An opisthographic lead tablet from Nomentum, dating to the first half of the 1st century CE, contains two anatomical curses against a man (side A) and a female public slave (side B). Whilst the curse against the man aimed to affect not only some parts of his body, but also his social and economic status, the one against the woman describes in detail only pieces of her body, with particular emphasis to her abdomen and genitals. The first section of the paper aims to provide the status quaestionis of the study of this curse tablet, with particular regard to the epigraphic and linguistic aspects of the text. The second section sets out to offer a general overview of the role of female public slaves in the Roman world, which may allow a better contextualization of the meaning of the curse on side B.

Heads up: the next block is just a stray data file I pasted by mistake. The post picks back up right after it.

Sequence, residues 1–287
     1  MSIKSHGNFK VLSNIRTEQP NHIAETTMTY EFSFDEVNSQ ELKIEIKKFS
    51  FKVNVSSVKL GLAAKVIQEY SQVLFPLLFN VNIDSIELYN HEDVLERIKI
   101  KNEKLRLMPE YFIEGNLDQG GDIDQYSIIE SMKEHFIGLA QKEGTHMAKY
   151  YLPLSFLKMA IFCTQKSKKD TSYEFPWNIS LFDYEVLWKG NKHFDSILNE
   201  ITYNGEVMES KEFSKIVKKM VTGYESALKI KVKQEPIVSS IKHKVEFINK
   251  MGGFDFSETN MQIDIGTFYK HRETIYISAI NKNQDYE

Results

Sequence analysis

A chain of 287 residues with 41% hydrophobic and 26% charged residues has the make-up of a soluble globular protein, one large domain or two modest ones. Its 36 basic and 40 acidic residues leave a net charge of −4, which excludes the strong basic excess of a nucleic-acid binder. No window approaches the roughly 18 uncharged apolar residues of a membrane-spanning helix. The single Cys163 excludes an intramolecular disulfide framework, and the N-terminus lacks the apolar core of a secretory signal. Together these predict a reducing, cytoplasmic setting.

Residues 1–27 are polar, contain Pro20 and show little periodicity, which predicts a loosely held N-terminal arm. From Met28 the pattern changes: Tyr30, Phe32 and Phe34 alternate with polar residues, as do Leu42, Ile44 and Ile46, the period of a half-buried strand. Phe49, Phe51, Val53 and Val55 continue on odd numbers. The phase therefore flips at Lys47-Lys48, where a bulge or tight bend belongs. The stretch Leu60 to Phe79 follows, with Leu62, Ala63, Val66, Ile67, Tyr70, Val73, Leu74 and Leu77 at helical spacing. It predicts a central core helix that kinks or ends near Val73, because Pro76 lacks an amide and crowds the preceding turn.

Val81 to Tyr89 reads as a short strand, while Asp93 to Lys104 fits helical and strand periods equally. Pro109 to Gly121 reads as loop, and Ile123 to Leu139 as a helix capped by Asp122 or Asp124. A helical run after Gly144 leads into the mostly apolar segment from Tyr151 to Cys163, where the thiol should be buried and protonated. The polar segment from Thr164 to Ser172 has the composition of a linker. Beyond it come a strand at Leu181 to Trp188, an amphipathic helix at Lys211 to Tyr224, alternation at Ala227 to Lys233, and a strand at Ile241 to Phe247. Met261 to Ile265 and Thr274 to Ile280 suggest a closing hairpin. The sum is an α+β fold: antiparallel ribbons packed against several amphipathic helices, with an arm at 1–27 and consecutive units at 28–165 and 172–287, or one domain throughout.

LUCIANI, FRANCO (Corresponding)
|Data di pubblicazione:||2019|
|Titolo:||Cursing not Just the Body. Some Remarks on a defixio from Nomentum in the Light of the Role of Female Public Slaves in the Roman World|
|Appare nelle tipologie:||2.1 Articolo su rivista |